- a cytolytic protein produced by cytotoxic T lymphocytes (CTLs) and natural killer cells (NK cells). When released, perforin polymerizes and forms pores in the plasma membrane of a target cell
- serine proteases released by cytotoxic T lymphocytes (CTLs) and natural killer cells (NK cells) that induce programmed cell death (apoptosis) in target cells
- a laboratory technique used to detect the presence of specific RNA molecules from a larger pool of RNA
- a laboratory technique used to detect the presence of specific DNA sequence from a larger pool of DNA molecules
- a technique used to assess the presence of post-translational modifications such as phosphates, lipids, or carbohydrate epitopes
- a molecule with polar and nonpolar components that disrupts the hydrophobic/hydrophilic interactions of biological substances (e.g. breaking apart a cell membrane)
- disrupting the molecular conformation of a protein
- a medium for performing gel electrophoresis which contains long chains of amide groups
- a set of protein standards used to estimate the size of experimental protein samples run during gel electrophoresis
- a microporous substance which binds proteins
- an aqueous solution that resists changes in pH when small amounts of acid or base are added
- a large, “Y” shaped protein that binds directly to one protein or antigen with high specificity
- a large, “Y” shaped protein that binds directly to the Fc region of a primary antibody
- a chemical compound that can absorb and re-emit light
Even though you can’t see it, the cells that make up your body are doing lots of important tasks that keep you alive. Your immune cells are roaming around looking for foreign pathogens, cells in your gut are helping you digest food, and right now the cells in your brain are trying to help you pay attention to this video. For a cell to be able to accomplish important tasks like these, there is a lot that has to happen within the membrane, and scientists are really excited about uncovering what all of those internal cellular processes are. If they know how cells work on the inside, they can use this information to better treat, or potentially cure a wide range of diseases.
So, learning about the internal workings of a cell is a really important task, and at the heart of all of these processes are proteins which are the “doers” of the cell. Receptor proteins on the surface of a cell allow it to understand what is happening in the local environment. Internal signaling proteins basically play a game of telephone to transmit that signal down to the nucleus, and the cell can respond to its environment by making new proteins or even breaking down proteins that are already present into their amino acid subunits. The proteins that a cell is making at a given time can help us understand what the cell is doing or if it isn’t functioning properly and like I said before, this is really valuable information. For example, Natural Killer cells (or NK cells) are an important immune cell that roam around in our blood stream and kill cancerous or virally infected cells. They do this by releasing toxic proteins called perforin (which form pores in the membrane of a target cell) and granzymes (proteins that flood into the cell through the holes made by perforin, and cause the target cell to undergo apoptosis or programmed cell death). Some research studies have proposed that NK cells lose their ability to produce these proteins as we age, so we could better understand how NK cells age by looking at the amount of proteins like perforin and granzymes inside a cell at different points throughout a person’s life.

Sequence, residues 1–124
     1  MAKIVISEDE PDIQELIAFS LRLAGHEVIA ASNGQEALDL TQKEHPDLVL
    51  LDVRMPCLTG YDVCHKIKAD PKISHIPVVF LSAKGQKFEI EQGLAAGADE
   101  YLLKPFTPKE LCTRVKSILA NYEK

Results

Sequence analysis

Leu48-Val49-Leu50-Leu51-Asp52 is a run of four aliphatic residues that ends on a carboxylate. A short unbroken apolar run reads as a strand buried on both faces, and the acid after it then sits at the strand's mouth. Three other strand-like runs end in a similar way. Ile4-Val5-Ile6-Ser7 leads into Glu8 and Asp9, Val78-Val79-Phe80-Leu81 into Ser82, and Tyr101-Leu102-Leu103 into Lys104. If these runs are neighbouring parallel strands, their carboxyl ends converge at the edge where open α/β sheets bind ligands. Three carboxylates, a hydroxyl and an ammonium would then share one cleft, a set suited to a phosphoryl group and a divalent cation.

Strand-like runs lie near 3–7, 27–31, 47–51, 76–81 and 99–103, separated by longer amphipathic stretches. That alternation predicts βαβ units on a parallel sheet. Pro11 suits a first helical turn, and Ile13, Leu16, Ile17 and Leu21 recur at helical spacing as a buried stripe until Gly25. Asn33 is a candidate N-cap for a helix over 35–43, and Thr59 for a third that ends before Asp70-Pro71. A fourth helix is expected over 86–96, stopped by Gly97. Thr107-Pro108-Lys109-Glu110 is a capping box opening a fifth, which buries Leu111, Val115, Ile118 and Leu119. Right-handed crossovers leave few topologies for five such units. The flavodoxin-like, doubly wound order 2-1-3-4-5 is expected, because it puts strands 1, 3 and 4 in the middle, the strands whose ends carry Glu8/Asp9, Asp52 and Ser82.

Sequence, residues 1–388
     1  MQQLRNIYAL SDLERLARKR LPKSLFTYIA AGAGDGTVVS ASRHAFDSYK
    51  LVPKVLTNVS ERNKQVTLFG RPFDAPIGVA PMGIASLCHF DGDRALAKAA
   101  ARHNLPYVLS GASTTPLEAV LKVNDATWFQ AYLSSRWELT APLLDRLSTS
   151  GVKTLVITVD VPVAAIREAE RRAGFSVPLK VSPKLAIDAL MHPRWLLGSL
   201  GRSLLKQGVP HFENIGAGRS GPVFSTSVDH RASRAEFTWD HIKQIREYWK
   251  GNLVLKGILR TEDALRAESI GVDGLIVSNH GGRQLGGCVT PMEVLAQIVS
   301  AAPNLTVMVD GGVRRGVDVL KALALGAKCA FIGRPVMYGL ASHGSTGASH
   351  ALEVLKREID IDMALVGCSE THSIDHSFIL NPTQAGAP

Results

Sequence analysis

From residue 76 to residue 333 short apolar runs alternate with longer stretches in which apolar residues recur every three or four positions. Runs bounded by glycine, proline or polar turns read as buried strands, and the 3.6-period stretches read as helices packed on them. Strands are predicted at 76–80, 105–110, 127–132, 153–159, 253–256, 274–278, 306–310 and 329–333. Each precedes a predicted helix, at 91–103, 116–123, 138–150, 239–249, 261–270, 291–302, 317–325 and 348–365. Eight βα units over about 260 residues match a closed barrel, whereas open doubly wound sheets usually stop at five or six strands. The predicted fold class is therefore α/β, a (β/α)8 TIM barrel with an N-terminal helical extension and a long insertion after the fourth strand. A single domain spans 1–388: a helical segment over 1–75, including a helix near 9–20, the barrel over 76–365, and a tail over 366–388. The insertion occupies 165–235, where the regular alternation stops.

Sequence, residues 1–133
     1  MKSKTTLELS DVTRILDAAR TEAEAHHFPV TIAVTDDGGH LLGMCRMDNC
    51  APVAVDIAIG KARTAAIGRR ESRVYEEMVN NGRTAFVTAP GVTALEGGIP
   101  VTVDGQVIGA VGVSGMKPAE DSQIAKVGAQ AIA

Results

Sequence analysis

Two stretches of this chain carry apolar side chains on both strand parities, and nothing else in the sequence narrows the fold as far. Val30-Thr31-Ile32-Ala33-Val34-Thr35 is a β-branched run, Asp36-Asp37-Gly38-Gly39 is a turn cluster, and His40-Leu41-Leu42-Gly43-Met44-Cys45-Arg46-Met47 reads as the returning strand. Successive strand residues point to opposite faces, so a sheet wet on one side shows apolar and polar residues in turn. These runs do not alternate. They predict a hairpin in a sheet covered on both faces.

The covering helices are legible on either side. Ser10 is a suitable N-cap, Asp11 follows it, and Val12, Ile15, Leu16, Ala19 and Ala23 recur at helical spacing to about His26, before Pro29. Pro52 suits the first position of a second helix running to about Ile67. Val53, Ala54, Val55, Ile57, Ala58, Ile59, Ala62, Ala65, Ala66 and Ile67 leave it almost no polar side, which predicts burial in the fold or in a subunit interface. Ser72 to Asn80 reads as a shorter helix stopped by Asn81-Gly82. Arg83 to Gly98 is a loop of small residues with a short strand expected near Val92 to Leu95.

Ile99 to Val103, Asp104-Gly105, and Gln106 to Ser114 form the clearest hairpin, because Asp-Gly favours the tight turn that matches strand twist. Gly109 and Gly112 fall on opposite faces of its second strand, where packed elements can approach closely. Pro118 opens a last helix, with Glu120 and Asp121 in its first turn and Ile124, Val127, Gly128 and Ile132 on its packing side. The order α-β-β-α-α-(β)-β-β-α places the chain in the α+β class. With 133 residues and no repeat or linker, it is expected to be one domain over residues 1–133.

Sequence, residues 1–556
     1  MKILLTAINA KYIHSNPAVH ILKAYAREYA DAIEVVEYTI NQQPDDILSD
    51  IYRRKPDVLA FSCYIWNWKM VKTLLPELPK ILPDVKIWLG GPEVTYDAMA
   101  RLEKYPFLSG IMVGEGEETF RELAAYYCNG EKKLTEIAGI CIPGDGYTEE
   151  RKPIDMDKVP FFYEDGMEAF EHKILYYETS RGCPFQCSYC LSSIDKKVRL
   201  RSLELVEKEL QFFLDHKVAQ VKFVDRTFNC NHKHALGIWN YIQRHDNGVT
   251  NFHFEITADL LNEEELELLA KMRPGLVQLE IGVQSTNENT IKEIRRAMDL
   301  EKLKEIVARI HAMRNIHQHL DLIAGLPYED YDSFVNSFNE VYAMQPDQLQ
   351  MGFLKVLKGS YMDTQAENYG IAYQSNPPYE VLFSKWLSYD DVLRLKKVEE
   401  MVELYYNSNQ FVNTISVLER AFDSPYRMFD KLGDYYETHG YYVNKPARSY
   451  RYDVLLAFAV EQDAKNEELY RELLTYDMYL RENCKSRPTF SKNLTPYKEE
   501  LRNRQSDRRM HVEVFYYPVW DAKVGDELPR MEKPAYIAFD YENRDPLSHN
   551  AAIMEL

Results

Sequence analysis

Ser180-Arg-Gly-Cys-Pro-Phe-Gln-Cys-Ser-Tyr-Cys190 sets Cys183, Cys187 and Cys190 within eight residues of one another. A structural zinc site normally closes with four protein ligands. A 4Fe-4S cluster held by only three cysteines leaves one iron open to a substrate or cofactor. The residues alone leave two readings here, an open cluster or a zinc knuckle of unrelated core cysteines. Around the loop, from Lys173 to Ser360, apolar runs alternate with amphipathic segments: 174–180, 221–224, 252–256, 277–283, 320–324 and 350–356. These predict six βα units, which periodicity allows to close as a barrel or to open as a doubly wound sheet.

Okay, so proteins do important things within cells, and scientists want to understand these processes. A common way that scientists can visualize proteins in a cell is with a tool called a Western blot. And before you ask, yes there are actually Northern, Southern, and Eastern blots too. So let's talk about how a Western blot works. The general idea is that you take a cell, lyse it (or break it open) either by boiling it or adding something called a detergent so that all of the proteins come out. There are tons and tons of different proteins inside a cell at a given time, so to analyze one protein of interest we’re first going to sort all of the proteins by size, and then tag the one we’re interested in so we can visualize it.
To do that first separation step, we take our pool of proteins (some of which are actually stuck together in protein complexes) and denature them by increasing the temperature, or adding a chemical denaturant. This breaks up protein complexes, and causes all individual proteins to unfold. Another function of this denaturation step is to coat each individual protein in negative charges (I’ll explain why this is important later).
After doing this denaturing step, we load our proteins into a well at the top of an acrylamide gel. The gel is actually porous so it has lots of little holes and spaces inside for proteins to pass through. Then, we apply an electrical current across the gel which basically forces the proteins to move towards the bottom. This is why it is really important for the proteins in our sample to all have a negative charge so they are repelled by the negative charge at the top of the gel and attracted to the positive charge at the bottom of the gel.